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Mark Ruppert

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Mark Ruppert


Collapse Screens at UCSB

New Film Explores Conspiracy Theories


Documentaries don’t get much starker than one man being interviewed, but when that one man’s message concerns the collapse of society as we know it, the stripped-down format works just fine. That’s the formula for the conspiracy-laden film Collapse, in which former Los Angeles police officer Michael Ruppert spills all his beans about the truth, implications, and imminent doom concerning peak oil, the belief that the planet is running out of fossil fuels.

After turning down an offer by the CIA to become involved in an illegal drug-running scheme more than 30 years ago, Ruppert left law enforcement to become a journalist who “connected the dots” between reports from around the globe to show how governments, mainstream media, and an entire cast of corrupt characters conspired to make buckets of cash while keeping the rest of us in the dark. He then disseminated his theories—many facets of which have indeed come to pass—by writing three popular books and publishing his From the Wilderness newsletter, which Ruppert claims was regularly read by influential politicians and businessmen. Collapse, however, takes Ruppert’s message to a much wider audience and presents his most dire assessments in a digestible 82 minutes.

In anticipation of the film’s screening at UCSB’s Campbell Hall on Monday, May 17, at 7:30 p.m., Ruppert shared his latest thoughts with The Independent. What follows is an edited version of that discussion.

The film ends saying that you gave up your advocacy. Is that true? It was true at the time, because I was hoping to have some income from the movie to live on. But it’s been pirated almost two million times around the world, and that cost me 30 cents a shot—you can do the math—so I’m back. We’re getting ready to launch CollapseNetwork.com this week, and that’s going to be a big Web site. And half of the predictions I made in the movie have already come true, so things are deteriorating at a frightening speed.

In an age when people seem more willing than ever to believe in alternative explanations of the world, why hasn’t the mainstream embraced your beliefs? The mainstream media is owned by corporations, which are stuck in an infinite-growth paradigm. They cannot do anything that will affect their share values. They won’t … The mainstream media has lied so long that if they started backtracking, they would lose credibility. Of course, they’re losing credibility anyway. What’s comforting is that, if you look at our Facebook page, we have 5,500 fans around the world, and I have 2,000 fans on my personal page. It is very clear that, around the world, there are millions if not tens of millions who understand the issues.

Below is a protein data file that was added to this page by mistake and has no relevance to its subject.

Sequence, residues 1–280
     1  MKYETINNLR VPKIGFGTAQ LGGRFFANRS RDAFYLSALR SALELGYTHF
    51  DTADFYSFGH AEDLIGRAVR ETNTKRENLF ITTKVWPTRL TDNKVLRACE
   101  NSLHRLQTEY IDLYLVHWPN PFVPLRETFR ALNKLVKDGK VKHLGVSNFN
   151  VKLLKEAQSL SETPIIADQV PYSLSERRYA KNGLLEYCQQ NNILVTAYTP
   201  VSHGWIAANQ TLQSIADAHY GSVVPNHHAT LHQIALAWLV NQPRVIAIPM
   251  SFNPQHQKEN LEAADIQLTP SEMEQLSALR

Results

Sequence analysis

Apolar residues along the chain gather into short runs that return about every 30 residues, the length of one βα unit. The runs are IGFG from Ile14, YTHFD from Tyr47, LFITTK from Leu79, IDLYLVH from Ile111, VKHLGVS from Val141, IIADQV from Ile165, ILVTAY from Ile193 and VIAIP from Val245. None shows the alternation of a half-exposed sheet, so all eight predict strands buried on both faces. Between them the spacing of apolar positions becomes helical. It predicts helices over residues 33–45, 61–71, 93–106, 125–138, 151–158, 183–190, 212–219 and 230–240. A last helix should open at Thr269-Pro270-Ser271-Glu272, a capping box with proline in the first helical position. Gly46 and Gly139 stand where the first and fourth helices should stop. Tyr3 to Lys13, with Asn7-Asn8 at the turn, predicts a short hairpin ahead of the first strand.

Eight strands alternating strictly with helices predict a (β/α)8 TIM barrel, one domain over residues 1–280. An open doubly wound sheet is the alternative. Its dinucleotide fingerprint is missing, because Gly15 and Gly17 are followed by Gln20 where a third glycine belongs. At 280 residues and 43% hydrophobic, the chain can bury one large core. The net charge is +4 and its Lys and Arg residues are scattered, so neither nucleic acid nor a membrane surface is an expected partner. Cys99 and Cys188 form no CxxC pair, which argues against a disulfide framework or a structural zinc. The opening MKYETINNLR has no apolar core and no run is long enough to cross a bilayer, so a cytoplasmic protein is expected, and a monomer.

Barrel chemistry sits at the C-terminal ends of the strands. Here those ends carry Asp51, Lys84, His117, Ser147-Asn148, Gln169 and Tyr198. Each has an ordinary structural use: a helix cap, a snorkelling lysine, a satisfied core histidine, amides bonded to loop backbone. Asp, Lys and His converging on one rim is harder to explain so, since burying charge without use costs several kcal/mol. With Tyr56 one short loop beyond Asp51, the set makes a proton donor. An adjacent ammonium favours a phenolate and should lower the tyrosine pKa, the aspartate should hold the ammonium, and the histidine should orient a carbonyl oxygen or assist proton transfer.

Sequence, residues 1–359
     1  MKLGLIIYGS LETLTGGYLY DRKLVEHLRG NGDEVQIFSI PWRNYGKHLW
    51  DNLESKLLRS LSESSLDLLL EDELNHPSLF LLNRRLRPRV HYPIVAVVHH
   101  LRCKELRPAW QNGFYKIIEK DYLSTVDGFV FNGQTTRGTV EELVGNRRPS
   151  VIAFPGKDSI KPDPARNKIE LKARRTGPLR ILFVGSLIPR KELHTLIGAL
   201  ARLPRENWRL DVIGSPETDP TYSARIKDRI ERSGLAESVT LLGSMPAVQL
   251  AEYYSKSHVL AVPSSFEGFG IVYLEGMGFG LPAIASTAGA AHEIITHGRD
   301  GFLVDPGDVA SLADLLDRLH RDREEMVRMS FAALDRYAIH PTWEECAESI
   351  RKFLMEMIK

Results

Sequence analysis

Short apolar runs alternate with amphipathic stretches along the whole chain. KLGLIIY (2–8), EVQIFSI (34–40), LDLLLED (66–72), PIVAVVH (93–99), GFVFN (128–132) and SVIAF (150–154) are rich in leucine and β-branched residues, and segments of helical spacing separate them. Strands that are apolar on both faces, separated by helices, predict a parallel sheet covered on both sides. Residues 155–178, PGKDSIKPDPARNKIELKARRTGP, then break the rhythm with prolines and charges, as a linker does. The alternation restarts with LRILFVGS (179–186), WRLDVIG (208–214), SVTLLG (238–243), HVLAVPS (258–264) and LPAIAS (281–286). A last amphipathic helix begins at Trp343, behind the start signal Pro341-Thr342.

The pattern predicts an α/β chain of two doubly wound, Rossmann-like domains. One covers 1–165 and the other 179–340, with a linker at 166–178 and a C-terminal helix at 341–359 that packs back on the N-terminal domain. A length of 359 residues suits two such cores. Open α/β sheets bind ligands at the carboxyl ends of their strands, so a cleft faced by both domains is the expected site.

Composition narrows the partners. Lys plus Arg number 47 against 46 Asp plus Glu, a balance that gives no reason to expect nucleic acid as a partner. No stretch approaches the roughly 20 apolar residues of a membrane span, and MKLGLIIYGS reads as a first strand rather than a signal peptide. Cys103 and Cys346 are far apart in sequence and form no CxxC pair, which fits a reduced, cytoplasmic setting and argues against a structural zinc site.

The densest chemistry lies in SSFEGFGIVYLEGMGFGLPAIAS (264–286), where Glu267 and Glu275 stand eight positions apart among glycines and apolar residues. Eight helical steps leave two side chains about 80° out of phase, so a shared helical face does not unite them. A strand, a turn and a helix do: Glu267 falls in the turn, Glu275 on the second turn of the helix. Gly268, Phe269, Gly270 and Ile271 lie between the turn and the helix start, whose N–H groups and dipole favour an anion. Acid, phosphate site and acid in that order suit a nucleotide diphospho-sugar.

You survived attempts on your life when you turned down the CIA’s drug-running offer years ago, but have you had any threats recently? Nobody messes with me physically now. I’m too famous for anyone to shoot me. It would sell millions of copies of my books and two million copies of the DVD.

So what can we do to stop the collapse? Any advice I give is client-specific. There is no piece of advice that applies to everybody. Everyone lives in circumstance with different economic and physical issues around them … But local food production is absolutely the number-one concern.

The film certainly got your message to more people, right? Absolutely. I couldn’t be happier with the film itself. In terms of what I saw on the screen, as an analogy, it was the experience of having read a really wonderful book and then having watched a movie that was incredibly true to the book.

You say that love of money is the root of all evil, but improving one’s life is also part of the human condition. So how do you get people to go against their instincts? That’s something that everybody has to discover internally. There are a lot of people who have McMansions and Mercedes who commit suicide, so there’s not necessarily a correlation between inner happiness, peace, and fulfillment, and the amount of physical possessions you have and the amount of material resources you consume.

To me, Native American spirituality has the best grasp on the relationship between man and the planet. That’s where we have to go. Money has to be based on something finite and solid, like energy, so that it cannot be created out of thin air … The infinite-growth paradigm is the ultimate enemy and the infinite-growth paradigm is rooted in money.

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Collapse screens at UCSB’s Campbell Hall on Monday, May 17, 7:30 p.m. Call (805) 893-3535 or see artsandlectures.sa.ucsb.edu for tickets. For more on Michael Ruppert, see CollapseNet.com.



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